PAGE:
For many adopted children, the challenges begin before they are born, Dr. Aronson said. They may have birth defects, or are born underweight or premature, because their biological mothers did not get appropriate prenatal care or used drugs or alcohol while they were pregnant.
Many adopted children also come with emotional challenges because of their experiences. Dr. Schulte said many adopted children have attention, learning and behavioral issues. They often struggle with anxiety issues akin to posttraumatic stress disorder.
Because of these children's unique needs, physicians should perform comprehensive evaluations of newly adopted children, according to an American Academy of Pediatrics' clinical report in the January issue of Pediatrics.
“There are so many issues that we as pediatricians may not normally think about,” said Veronnie Faye Jones, MD, PhD, MSPH, the report's author. She is a pediatrics professor and an associate dean for academic affairs at the University of Louisville School of Medicine. “There may be genetic predispositions that you may not know about. A lot of these kids may have unsettling pasts, and there may be a lot of issues that are lingering for them.”
More than 100,000 children are adopted in the U.S. each year, including about 22,000 international adoptions, the report said.
Increasingly complex cases
Dr. Springer said it's important to educate physicians about the needs of adopted patients. She routinely sees children with physical, mental or developmental disabilities, such as complicated heart problems and neurodevelopmental disabilities.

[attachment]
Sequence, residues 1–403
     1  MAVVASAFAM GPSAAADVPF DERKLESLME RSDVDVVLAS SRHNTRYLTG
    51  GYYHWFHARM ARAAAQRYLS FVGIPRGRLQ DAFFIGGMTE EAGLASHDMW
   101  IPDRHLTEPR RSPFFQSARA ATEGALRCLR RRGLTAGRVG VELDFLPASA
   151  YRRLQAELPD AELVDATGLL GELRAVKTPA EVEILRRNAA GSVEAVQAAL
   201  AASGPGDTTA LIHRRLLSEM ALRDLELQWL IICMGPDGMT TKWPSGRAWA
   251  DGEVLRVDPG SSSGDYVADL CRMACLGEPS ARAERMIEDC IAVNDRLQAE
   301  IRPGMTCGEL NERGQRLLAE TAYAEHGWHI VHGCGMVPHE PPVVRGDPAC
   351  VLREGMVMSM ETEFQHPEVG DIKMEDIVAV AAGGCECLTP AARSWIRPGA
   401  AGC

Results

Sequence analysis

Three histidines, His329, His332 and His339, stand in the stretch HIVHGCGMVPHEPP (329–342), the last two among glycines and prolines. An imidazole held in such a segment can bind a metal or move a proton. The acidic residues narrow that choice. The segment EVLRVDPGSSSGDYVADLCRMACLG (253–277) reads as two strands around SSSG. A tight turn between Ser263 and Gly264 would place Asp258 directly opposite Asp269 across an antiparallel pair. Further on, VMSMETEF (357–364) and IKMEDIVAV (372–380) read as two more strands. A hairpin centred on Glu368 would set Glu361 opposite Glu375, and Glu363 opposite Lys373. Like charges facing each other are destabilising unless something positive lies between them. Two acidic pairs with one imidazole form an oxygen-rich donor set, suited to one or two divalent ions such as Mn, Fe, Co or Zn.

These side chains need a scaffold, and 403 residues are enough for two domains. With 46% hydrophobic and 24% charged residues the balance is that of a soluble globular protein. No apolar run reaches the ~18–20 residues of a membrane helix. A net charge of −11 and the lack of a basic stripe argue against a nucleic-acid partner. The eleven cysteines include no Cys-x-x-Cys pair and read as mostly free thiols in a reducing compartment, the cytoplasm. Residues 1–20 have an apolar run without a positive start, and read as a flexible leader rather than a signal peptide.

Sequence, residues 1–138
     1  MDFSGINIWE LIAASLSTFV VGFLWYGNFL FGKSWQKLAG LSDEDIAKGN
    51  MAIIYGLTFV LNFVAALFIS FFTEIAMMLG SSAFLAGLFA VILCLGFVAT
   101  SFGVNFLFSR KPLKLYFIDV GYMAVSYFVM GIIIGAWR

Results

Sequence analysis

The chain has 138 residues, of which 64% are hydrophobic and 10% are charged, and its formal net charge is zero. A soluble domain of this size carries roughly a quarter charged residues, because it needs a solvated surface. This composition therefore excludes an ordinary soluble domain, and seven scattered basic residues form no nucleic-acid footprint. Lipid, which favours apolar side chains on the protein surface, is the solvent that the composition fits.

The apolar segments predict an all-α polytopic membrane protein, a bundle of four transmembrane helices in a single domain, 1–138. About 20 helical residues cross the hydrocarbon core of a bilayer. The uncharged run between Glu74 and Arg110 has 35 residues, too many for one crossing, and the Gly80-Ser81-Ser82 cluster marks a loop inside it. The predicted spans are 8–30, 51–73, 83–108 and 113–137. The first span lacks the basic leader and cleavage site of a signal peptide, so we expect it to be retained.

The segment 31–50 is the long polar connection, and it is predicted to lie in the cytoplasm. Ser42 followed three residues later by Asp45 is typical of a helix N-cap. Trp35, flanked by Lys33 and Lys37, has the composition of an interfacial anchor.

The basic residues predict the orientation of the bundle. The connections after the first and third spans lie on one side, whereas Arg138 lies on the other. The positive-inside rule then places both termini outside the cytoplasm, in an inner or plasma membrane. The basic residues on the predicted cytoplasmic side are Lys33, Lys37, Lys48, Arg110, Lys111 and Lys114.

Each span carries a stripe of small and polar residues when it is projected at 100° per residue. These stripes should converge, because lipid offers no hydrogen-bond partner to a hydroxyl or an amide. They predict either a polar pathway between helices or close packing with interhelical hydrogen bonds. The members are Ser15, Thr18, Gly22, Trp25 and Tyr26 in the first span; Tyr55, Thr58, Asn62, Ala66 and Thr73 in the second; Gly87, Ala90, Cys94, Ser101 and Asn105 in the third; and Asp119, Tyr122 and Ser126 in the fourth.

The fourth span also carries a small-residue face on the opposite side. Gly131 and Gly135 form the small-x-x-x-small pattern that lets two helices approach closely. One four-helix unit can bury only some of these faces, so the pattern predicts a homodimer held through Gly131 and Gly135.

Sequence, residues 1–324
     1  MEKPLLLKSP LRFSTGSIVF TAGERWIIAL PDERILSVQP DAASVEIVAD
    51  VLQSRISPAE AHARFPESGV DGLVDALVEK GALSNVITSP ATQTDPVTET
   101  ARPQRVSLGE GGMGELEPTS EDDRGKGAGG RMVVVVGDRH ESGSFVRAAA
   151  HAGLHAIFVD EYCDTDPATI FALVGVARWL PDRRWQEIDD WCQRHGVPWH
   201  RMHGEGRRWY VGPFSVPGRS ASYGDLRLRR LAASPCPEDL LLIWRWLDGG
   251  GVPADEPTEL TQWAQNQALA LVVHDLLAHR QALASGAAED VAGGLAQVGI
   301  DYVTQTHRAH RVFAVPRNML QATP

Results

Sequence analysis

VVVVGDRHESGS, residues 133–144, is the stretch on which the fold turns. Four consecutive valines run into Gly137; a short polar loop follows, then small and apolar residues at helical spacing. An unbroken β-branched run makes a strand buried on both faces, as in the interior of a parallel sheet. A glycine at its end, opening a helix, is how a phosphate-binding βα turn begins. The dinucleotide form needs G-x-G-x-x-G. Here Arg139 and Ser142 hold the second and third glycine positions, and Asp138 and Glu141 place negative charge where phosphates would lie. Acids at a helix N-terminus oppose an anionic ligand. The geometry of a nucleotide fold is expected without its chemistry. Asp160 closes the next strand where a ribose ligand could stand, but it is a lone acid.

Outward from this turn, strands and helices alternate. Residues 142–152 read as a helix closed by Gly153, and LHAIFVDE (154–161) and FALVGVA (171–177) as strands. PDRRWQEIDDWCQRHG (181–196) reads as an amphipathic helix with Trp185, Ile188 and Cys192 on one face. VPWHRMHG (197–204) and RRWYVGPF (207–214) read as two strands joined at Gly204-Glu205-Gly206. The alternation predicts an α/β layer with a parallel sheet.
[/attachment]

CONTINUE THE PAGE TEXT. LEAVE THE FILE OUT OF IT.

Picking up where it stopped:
“We work hard to help educate all physicians about what the needs of these kids are, and to help them understand that — while they may look as healthy as all the other kids walking into your office — you need to consider the trauma they may have experienced,” Dr. Springer said.
International adoptions have decreased in recent years as countries like China and Russia have increased restrictions. As a result, more special-needs children are being adopted from abroad, Dr. Springer said. “The numbers of kids are way down, but the complexities of their needs are way up,” she said.
Adopting a healthy child from China can take several years, so the Rybickis adopted a child with special needs. They selected from a list of special needs they thought they could handle. They were matched in March with Eleanor, who was born with a cleft lip and palate, and held her for the first time Aug. 6.